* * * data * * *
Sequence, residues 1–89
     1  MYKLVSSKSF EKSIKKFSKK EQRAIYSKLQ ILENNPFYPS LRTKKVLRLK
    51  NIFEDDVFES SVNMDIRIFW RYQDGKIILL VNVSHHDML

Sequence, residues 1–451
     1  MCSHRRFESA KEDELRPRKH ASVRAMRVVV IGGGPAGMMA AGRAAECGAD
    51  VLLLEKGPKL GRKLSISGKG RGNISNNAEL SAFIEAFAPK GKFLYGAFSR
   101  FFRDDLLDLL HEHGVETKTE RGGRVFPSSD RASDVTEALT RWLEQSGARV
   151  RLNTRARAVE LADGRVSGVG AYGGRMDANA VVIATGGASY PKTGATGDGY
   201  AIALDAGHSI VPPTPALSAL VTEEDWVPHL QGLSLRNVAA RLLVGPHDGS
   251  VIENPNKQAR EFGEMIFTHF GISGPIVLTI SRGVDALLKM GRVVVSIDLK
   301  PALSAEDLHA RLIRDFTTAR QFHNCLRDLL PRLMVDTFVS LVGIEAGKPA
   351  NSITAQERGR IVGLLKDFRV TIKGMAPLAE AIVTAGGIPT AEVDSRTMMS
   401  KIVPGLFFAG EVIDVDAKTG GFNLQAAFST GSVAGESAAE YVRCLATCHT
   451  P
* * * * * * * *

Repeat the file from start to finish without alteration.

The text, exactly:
Sequence, residues 1–89
     1  MYKLVSSKSF EKSIKKFSKK EQRAIYSKLQ ILENNPFYPS LRTKKVLRLK
    51  NIFEDDVFES SVNMDIRIFW RYQDGKIILL VNVSHHDML

Sequence, residues 1–451
     1  MCSHRRFESA KEDELRPRKH ASVRAMRVVV IGGGPAGMMA AGRAAECGAD
    51  VLLLEKGPKL GRKLSISGKG RGNISNNAEL SAFIEAFAPK GKFLYGAFSR
   101  FFRDDLLDLL HEHGVETKTE RGGRVFPSSD RASDVTEALT RWLEQSGARV
   151  RLNTRARAVE LADGRVSGVG AYGGRMDANA VVIATGGASY PKTGATGDGY
   201  AIALDAGHSI VPPTPALSAL VTEEDWVPHL QGLSLRNVAA RLLVGPHDGS
   251  VIENPNKQAR EFGEMIFTHF GISGPIVLTI SRGVDALLKM GRVVVSIDLK
   301  PALSAEDLHA RLIRDFTTAR QFHNCLRDLL PRLMVDTFVS LVGIEAGKPA
   351  NSITAQERGR IVGLLKDFRV TIKGMAPLAE AIVTAGGIPT AEVDSRTMMS
   401  KIVPGLFFAG EVIDVDAKTG GFNLQAAFST GSVAGESAAE YVRCLATCHT
   451  P